process

How to Change Processes Priority In Linux

Linux starts many processes with priority 0, which is the highest priority (as the rule of thumb is that the lower the number, the greater the priority). If you are running any resource hungry application then this priority mechanism causes some problems.

Batch process photos with Phatch

Virtually any photo manager lets you perform mundane tasks like adjusting contrast, adding a watermark, and applying effects to your photos. But even powerful applications like digiKam and F-Spot can't really help you when you need to perform the same action (or a sequence of actions) on dozens or hundreds of photos. For that you need a batch processing utility like Phatch. This nifty tool can perform no fewer than 35 different actions on your photos, and its user-friendly graphical interface makes it easy to create advanced multistep batch rules.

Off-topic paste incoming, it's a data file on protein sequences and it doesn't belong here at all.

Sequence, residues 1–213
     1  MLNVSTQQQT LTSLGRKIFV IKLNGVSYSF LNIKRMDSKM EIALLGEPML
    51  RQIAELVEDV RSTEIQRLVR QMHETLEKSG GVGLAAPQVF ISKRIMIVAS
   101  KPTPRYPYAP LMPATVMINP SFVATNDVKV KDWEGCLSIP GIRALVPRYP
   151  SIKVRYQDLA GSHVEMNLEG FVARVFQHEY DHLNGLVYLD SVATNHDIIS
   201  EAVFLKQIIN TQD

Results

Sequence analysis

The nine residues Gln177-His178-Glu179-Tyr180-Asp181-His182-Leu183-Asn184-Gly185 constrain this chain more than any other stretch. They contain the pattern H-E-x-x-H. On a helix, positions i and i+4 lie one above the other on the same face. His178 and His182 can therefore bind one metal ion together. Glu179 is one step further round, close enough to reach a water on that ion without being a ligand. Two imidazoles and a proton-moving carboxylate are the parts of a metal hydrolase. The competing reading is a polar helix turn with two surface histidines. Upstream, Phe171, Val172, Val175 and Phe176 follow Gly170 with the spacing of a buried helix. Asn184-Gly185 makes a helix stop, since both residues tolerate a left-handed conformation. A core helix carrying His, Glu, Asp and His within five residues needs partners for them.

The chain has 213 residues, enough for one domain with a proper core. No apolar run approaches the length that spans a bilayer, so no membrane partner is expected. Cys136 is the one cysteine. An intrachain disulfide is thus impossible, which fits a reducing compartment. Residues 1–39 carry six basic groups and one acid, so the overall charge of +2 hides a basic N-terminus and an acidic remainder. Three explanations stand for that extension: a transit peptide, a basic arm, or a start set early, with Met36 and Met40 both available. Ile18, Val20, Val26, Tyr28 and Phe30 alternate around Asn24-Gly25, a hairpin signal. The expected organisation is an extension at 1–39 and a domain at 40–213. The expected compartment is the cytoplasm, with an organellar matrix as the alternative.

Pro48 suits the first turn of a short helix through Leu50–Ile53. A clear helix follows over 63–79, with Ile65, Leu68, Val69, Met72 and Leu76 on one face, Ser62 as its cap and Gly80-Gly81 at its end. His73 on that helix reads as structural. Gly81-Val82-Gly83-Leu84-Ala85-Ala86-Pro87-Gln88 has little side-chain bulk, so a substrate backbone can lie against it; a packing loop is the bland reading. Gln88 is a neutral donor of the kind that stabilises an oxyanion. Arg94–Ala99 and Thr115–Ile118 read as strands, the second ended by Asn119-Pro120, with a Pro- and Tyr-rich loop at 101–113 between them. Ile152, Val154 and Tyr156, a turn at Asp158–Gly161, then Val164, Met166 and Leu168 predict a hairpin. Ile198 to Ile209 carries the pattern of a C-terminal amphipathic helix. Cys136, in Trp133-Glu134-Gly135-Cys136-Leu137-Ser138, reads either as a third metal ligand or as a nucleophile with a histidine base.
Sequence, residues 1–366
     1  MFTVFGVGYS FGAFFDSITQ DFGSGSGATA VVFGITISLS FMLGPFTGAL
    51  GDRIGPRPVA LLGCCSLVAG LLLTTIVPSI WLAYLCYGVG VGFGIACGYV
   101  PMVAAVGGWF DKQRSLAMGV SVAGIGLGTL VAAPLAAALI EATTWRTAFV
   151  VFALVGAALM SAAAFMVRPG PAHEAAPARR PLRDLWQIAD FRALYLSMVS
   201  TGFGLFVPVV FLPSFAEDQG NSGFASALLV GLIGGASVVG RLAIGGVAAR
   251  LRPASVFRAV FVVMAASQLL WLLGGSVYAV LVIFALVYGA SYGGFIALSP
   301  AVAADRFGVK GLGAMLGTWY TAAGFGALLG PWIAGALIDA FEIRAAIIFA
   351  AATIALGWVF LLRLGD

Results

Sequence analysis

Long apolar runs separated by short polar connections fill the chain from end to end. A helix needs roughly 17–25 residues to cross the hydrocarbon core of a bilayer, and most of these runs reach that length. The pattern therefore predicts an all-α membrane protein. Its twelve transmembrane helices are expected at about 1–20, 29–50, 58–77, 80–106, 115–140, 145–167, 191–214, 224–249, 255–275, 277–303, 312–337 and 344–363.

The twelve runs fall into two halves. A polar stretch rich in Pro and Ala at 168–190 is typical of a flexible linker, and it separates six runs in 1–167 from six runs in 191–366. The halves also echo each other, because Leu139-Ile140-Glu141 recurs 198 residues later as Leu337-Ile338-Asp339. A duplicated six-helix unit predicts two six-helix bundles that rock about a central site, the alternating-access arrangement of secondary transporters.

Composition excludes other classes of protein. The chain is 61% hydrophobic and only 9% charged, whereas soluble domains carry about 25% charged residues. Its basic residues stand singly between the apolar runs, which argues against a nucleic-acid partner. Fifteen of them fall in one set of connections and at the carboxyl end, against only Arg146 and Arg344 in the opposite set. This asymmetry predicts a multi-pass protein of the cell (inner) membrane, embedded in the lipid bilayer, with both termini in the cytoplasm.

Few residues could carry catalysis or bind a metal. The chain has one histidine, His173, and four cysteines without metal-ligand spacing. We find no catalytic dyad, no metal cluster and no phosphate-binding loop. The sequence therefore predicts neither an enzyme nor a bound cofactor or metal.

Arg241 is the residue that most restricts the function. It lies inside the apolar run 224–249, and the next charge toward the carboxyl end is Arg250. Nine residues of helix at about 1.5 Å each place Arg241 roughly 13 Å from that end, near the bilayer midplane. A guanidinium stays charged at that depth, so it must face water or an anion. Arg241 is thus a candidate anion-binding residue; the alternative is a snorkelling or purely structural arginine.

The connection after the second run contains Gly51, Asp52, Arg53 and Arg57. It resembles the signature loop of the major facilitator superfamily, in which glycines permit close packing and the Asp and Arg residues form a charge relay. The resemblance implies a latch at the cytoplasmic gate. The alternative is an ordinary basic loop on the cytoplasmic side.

Htop - Manage Your System Processes in Seconds

Htop is a process manager that builds on the functionality of top. It allows you to view available memory and CPU usage as well as kill and manage running processes. It integrates quite well into the system manager Conky.

Using Terminal to Shutdown Processes

XFCE does not come with a system monitor utility like the one I had in Gnome. I used the utility to kill unresponsive processes. So how do we kill unresponsive programs using the terminal?

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